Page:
Rep. Gutierrez, National Leader for Immigration Reform, Joins In Support for City Council Legislation

New York, NY – Council Speaker Christine C. Quinn, together with Illinois Congressman Luis Gutierrez, Congressman Charles Rangel, Council Members Melissa Mark-Viverito, Daniel Dromm, Council Members, Make the Road New York and a number of immigration rights advocates, today gathered to celebrate recent developments of a landmark bill that will change the way the Department of Correction works with the federal immigration authorities and reduce unnecessary immigrant deportations in New York City.

The elected officials gathered on the eve of a Council hearing set for Monday, October 3rd, to discuss Intro 656, which would limit the city’s cooperation with federal immigration authorities by creating a category of persons for whom the Department of Correction will not detain for Immigration and Customs Enforcement (ICE). It has the support of 38 Council Members and the administration.

“We need to stop needlessly and excessively deporting people who have had no prior criminal records, said Speaker Quinn. “Since our bill was introduced we’ve had productive discussions with the Bloomberg administration. We are pleased that they’ve agreed to support our legislation that will reduce unjust deportations. This is an important victory for all New Yorkers particularly our City’s immigrant community.”

“As a city that values the contributions of our immigrant communities, we can no longer allow immigration agents to have unfettered access to inmates in our city’s jails,” said Council Member Melissa Mark-Viverito. “This piece of legislation ensures that law enforcement officials can continue to keep our neighborhoods safe without threatening their relationships with immigrant communities or needlessly separating immigrant families. I am honored to welcome Congressman Luis Gutierrez to my district today and thank him for demonstrating his support of this legislation. As one of the nation’s leading advocates for immigration reform, his endorsement speaks volumes to the importance of this piece of legislation. I also thank the Speaker for her leadership on this issue as well as Make the Road New York and all of the advocates for their hard work on this bill.”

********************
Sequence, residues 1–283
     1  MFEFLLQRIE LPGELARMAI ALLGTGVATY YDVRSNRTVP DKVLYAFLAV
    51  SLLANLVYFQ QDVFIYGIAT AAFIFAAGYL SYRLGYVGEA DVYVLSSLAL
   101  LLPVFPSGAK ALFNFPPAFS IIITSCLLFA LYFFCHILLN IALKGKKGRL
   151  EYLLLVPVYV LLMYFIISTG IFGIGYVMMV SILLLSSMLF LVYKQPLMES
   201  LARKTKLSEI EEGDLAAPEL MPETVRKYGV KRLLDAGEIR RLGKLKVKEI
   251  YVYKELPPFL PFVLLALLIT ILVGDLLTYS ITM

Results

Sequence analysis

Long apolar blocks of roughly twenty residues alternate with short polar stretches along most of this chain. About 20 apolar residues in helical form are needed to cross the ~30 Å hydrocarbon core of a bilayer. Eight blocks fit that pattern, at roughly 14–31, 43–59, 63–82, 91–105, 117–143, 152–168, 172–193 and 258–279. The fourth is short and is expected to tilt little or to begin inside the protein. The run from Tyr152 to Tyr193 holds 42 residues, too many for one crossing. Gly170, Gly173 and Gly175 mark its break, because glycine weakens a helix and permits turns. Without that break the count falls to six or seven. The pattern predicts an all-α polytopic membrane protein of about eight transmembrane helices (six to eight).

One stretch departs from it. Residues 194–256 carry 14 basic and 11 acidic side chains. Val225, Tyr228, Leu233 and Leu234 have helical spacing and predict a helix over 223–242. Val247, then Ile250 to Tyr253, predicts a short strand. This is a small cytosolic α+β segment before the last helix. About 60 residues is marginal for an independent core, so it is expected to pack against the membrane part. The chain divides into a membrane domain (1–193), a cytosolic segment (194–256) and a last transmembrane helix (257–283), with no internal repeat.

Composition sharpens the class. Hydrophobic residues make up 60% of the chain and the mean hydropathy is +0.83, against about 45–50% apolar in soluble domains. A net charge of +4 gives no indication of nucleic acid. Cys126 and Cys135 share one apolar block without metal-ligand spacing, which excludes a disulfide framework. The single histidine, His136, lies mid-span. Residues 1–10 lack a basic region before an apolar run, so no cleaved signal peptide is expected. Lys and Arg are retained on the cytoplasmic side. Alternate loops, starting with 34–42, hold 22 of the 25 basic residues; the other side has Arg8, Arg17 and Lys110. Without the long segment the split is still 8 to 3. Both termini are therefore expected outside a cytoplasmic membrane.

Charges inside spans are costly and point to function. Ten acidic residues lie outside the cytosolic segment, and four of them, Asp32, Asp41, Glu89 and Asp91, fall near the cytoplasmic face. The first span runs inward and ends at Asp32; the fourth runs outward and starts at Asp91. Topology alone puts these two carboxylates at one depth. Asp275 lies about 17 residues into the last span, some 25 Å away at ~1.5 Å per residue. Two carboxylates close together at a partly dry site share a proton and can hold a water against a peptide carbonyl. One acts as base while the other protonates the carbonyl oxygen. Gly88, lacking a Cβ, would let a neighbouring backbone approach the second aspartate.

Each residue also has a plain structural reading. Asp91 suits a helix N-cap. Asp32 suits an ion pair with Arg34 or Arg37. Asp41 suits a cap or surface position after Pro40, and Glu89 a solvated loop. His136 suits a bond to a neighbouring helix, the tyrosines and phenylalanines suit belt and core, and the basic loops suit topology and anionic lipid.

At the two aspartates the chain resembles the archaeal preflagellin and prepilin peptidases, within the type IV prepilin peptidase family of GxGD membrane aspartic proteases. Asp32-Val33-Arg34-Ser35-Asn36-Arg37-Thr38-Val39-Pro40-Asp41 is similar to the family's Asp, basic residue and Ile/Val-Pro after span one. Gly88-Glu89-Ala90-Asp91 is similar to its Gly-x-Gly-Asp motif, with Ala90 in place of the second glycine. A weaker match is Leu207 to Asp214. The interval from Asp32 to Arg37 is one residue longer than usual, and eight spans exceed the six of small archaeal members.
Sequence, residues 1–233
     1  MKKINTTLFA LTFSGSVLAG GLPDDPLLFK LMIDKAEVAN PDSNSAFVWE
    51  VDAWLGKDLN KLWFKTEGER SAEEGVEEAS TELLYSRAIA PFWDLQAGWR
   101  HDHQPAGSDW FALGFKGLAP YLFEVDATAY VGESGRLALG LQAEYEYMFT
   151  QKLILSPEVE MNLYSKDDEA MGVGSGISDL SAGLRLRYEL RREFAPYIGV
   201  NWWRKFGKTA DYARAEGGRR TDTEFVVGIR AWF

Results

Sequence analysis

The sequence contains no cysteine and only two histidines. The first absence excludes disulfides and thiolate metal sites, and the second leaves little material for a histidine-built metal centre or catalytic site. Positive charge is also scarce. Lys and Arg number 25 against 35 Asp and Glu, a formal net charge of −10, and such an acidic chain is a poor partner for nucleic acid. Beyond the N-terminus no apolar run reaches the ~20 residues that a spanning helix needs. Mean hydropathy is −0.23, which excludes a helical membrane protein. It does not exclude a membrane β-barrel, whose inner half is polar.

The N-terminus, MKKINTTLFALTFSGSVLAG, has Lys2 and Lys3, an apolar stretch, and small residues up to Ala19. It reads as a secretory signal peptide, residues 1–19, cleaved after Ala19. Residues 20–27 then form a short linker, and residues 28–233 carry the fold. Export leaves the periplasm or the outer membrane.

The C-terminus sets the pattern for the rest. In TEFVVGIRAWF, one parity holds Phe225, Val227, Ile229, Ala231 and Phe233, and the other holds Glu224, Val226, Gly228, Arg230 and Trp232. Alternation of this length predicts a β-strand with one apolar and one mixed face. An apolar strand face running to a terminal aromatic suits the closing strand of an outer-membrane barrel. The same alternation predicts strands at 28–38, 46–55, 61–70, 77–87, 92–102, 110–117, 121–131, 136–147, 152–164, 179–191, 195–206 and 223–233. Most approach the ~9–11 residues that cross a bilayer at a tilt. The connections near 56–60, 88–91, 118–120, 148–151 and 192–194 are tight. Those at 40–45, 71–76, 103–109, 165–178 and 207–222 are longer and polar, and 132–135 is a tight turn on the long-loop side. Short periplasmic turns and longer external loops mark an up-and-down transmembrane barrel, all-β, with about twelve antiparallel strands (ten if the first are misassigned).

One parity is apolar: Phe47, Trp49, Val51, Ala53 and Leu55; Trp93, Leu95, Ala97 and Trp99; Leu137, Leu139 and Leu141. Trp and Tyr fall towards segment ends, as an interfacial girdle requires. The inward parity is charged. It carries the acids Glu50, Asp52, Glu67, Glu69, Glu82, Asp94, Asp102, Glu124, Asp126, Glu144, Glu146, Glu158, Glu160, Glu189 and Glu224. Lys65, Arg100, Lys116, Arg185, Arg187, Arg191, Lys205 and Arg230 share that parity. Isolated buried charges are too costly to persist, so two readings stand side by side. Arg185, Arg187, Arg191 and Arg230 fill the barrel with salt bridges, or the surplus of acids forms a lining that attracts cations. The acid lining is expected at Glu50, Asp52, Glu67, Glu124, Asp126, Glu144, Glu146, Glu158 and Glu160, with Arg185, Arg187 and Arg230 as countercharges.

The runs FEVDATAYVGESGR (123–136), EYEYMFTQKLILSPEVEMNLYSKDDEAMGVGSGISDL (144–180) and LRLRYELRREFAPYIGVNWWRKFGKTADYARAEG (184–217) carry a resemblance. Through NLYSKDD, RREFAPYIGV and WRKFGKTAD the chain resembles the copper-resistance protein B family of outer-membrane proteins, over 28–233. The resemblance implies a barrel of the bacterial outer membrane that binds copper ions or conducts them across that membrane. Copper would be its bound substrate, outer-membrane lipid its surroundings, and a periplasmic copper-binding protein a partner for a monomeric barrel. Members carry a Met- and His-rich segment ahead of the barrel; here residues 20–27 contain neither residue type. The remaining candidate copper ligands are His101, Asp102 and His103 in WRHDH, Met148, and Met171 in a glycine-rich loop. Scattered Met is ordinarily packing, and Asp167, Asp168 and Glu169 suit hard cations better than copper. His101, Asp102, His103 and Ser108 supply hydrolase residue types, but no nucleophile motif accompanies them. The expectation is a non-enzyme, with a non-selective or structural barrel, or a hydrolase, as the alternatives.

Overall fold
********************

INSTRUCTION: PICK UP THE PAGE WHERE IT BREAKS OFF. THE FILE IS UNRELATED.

“No group is more interested in getting dangerous criminals out of immigrant communities than immigrants themselves, because they are often the victims of the crimes,” said Congressman Luis Gutiterrez. “But we must make sure that we focus limited resources and severe punishments at those who have committed serious crimes or pose a threat and away from families, young people, and individuals who are working hard and trying to play by the rules. In the end, there is only so much that can be done under current law and we know Congress must reform the laws themselves to make serious progress towards ending illegal immigration and promoting a safe and orderly legal immigration system for the future.”

“What they are doing at Rikers is running an alien program rather than a criminal alien program,” said Daniel Dromm, Chair of the NYC Council’s Committee on Immigrant Affairs. “Many innocent immigrants are unfairly being detained and deported because of this broken immigration system. We cannot allow the cooperation between ICE and the DOC to continue tearing families apart and destabilizing immigrant communities that pose no threat to public safety.”

“America has always shined as the beacon of hope and land of opportunity for people around the world,” said Congressman Charles Rangel. “Our country is stronger because of hard-working people who believe in the greatness of the American Dream and the immigrants who contribute to the success of our nation in every corner. We need a sensible immigration policy that will allow some of the best and the brightest students to earn a pathway to citizenship, and provide opportunities for those upstanding individuals to have a chance to continue to help make America greater. I applaud City Council Speaker Christine Quinn and Councilwoman Melissa Mark-Viverito for their leadership roles in pushing for legislation that will reduce unnecessary immigrant deportations in New York City.”